The Lib Dem leadership finally sees sense on Secret Courts

No government policy has made party members unhappier. Fortunately, Clegg is about to pledge to repeal it.

One of the best things about being a member of the Lib Dems is that twice a year you get to have a blazing row with your leadership about why they don’t know their arse from their elbow and that time is shortly upon us once again. Yes folks, conference season starts next week.
 
And as per normal there’s no shortage of rows on the horizon as the leadership suggests the party faithful back Osbornomics, ask us to agree that they were right all  along about tuition fees, and invite us to keep Trident. Oh, it’s going to be a corker this year…
 
But one of the other nicest things about being a member of the Lib Dems is that from time to time, the leadership listens, holds its hand up, accepts it go it wrong – and changes stuff. And one of those occasions will also happen next week. It seems the leadership has accepted that the party faithful may have had a point over what was THE row of Spring Conference 2013 and is prepared to reverse the legislation on Secret Courts.
 
You’ll have to hunt hard for proof of this, but fortunately I know a man with both a magnifying glass and the inside track. And in the penultimate debate of conference, a motion is being proposed by David Laws and seconded by Duncan Brack (each representing, I think it's fair to say, opposite ends of the party) inviting conference to endorse the manifesto themes paper.
 
With a foreword by Nick Clegg, hidden away on Page 22, it says:
 
We will find practical alternatives to the use of closed material proceedings within the justice system, including the provisions of the Justice and Security Act 2013, with the aim of restoring the principle of open justice.
 
Now, while the party will argue endlessly with itself over various aspects of policy on health, education, defence or the economy, give it a civil liberties issue and it will unite in a moment. Because that’s the main reason why most people join the Liberal Democrats. And as a result Secret Courts is probably the thing that’s happened in government that makes folk unhappiest.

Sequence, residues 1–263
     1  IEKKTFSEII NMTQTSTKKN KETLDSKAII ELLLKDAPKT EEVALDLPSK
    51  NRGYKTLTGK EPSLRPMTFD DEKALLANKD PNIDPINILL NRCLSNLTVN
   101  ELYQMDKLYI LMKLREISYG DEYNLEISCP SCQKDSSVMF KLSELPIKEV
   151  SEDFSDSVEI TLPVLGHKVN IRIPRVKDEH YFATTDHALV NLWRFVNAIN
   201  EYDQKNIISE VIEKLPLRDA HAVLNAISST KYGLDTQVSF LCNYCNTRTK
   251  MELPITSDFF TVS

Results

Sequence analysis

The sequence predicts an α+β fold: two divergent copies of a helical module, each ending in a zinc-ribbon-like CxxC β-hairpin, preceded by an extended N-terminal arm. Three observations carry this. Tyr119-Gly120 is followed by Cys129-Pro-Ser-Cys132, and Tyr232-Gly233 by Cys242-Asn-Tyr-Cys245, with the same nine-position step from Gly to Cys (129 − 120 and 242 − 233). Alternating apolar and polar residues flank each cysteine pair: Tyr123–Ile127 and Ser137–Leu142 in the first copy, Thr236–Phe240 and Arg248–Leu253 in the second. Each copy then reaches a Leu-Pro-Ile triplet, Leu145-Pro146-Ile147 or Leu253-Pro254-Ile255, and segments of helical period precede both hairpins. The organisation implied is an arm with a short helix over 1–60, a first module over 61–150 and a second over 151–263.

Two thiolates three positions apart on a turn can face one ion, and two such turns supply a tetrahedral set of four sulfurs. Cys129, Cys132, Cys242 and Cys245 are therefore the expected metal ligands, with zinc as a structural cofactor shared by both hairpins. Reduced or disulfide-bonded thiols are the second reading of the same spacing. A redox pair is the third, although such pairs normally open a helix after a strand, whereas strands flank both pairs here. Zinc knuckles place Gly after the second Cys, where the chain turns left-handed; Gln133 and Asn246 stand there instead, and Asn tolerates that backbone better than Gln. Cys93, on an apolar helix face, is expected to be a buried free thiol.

And joy of joy – Nick’s held his hand up and concurred. Hats off.
 
Now, there’s a way to go yet. Conference has to vote for it, the full manifesto has to be written – and we’ve got  to be part of the next government to repeal the current legislation. There’s a way to go yet.
 
But at least we’re on the right road.
 
Richard Morris blogs at A View From Ham Common, which was named Best New Blog at the 2011 Lib Dem Conference
Nick Clegg speaks at last year's Liberal Democrat conference in Brighton. Photograph: Getty Images.

Richard Morris blogs at A View From Ham Common, which was named Best New Blog at the 2011 Lib Dem Conference

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How worried are Labour MPs about losing their seats?

Despite their party's abysmal poll ratings, MPs find cause for optimism on the campaign trail. 

Labour enters the general election with subterranean expectations. A "good result", MPs say, would be to retain 180-200 of their 229 MPs. Some fear a worse result than 1935, when the party won just 154 seats. Rather than falling, the Conservatives' poll lead has risen as the prospect of electing a government concentrates minds (last night's YouGov survey, showing the Tories a mere 16 points ahead, was an exception).